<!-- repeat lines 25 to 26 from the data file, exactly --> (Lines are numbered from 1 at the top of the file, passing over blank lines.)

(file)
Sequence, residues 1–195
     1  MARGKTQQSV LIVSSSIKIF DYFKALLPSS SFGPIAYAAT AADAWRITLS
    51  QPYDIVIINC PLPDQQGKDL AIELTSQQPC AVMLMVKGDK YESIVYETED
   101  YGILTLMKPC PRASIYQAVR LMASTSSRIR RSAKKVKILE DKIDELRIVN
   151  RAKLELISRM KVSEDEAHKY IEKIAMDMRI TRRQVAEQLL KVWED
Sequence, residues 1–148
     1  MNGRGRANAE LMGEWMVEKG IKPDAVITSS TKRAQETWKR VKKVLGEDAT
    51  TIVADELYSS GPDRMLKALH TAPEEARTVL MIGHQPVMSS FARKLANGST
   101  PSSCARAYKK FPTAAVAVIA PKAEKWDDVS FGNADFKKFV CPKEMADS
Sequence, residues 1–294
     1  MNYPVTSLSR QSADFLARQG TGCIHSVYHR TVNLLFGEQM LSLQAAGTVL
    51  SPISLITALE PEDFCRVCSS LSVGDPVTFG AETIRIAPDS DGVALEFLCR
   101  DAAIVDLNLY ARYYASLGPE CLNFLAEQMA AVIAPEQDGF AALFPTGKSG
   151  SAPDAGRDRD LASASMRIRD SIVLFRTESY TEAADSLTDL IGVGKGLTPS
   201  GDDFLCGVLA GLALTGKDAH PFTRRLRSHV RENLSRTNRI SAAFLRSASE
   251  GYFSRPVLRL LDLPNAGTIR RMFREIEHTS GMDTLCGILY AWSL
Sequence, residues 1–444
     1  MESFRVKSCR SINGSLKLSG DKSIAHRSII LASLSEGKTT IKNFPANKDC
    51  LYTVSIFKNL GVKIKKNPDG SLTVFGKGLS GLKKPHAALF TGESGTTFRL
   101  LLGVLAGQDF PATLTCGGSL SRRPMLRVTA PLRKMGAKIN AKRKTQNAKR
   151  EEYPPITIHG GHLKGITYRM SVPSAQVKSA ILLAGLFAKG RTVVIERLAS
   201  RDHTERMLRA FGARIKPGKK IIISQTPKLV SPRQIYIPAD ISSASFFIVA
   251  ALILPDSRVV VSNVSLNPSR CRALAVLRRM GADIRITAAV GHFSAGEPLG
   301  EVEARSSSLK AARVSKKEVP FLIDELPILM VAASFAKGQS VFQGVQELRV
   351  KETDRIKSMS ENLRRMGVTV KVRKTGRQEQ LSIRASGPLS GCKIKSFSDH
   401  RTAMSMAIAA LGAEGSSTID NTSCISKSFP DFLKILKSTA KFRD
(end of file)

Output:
   351  KETDRIKSMS ENLRRMGVTV KVRKTGRQEQ LSIRASGPLS GCKIKSFSDH
   401  RTAMSMAIAA LGAEGSSTID NTSCISKSFP DFLKILKSTA KFRD